Amanda Kish, a financial planner specialist with The Motley Fool, joins Motley Fool Co-Founder Tom Gardner to discuss how to build a financial plan.
In this episode, they cover:
How to understand yourself as an investor.
The key financial planning steps that new parents should take.
How often you need to revisit a financial plan.
The circumstances in which you may want professional financial planning advice.
To catch full episodes of all The Motley Fool’s free podcasts, check out our podcast center. To get started investing, check out our quick-start guide to investing in stocks. A full transcript follows the video.
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Tom Gardner: There’s almost a dark valley that we travel through as adults from the day we graduate high school and don’t realize that we’re the CEO of our financial lives forever more, all the way through to when we have children and start to realize, wow, it’s not just me, I’ve got responsibilities and I need to have a plan.
Chris Hill: I’m Chris Hill, and that was Motley Fool’s CEO Tom Gardner. Think about how much time you spent planning your last vacation. Now, ask yourself, how much time have you spent planning your financial future? On this episode of Motley Fool Money, Amanda Kish, a financial planning specialist joins Tom Gardner to discuss one of the most important and underappreciated parts of our investing journeys, building a financial plan. They talk about the key steps you can take and how to get started.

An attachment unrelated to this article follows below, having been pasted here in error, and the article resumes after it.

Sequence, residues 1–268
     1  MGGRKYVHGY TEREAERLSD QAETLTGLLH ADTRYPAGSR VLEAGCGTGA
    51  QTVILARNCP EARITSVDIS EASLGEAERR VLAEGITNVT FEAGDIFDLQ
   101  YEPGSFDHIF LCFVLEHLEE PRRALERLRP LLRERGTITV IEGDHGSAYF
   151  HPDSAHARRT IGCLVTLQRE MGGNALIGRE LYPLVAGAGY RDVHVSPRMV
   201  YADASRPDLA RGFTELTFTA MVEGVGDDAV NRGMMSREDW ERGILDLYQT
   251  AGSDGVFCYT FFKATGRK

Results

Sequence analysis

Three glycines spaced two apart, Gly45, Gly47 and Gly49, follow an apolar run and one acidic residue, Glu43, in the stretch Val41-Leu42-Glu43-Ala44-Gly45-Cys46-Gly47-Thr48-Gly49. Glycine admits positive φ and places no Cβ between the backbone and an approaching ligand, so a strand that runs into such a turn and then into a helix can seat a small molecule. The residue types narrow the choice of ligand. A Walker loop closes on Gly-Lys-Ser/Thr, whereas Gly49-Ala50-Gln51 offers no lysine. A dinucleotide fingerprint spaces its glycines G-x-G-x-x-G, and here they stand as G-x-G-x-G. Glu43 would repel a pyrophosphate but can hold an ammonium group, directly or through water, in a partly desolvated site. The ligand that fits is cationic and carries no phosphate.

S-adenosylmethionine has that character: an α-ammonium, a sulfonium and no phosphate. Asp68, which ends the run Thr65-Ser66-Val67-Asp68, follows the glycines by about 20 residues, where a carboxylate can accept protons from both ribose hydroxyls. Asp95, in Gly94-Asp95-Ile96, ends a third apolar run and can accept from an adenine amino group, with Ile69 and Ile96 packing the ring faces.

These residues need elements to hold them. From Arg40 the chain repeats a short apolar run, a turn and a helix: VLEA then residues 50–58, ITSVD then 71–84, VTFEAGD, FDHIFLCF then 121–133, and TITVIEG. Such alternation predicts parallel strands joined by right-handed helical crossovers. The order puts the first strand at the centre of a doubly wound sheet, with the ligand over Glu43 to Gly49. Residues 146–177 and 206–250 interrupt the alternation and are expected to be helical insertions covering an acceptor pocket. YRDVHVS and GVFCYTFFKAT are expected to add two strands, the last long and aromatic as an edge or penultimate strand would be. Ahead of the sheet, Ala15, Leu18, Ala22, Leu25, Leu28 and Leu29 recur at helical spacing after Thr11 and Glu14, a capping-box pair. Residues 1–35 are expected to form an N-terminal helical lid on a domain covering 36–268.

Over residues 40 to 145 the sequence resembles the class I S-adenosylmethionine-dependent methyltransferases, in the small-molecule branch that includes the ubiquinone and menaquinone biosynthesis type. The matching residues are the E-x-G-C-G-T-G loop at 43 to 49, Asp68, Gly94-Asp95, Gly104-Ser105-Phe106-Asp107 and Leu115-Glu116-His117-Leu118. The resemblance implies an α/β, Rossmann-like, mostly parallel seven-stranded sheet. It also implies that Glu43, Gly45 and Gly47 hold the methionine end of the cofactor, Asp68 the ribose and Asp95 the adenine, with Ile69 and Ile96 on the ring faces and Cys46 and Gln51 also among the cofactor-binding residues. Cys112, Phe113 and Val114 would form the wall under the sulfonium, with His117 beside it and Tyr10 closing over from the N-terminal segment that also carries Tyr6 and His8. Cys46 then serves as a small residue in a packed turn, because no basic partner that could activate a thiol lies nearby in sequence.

Tom Gardner: Imagine that you’ve decided to go camping with your family or a couple of friends. Let’s suppose you’ve chosen Grand Teton National Park in Jackson, Wyoming. It’s a sunny day in April, and you park your car and you meet up together at the Craig Thomas Discovery and Visitor Center. You’ve got the entire week ahead. You make your way up Taggart Lake Trail with the dream of seeing the world from a top Grand Teton at more than 13,000 feet in the air. There’s one problem; you don’t have a plan, no maps, no tents, no bear spray. You got a couple of water bottles. You’re in flip-flops, you have a Frisbee, but there’s no reliable cell-service. Oh, and in April, in Grand Teton National Park, in the evening, the temperature falls below freezing. You probably wouldn’t want to take that trip. But unfortunately, that’s how many people begin their investment journey, without a plan. That’s why in our second Saturday class, we’ve invited the financial planning team lead of all Fools universally, Amanda Kish. Amanda, welcome.
Amanda Kish: Thank you very much. I’m thrilled to be here.
Tom Gardner: How prepared are most people today to make smart investments for the long-term?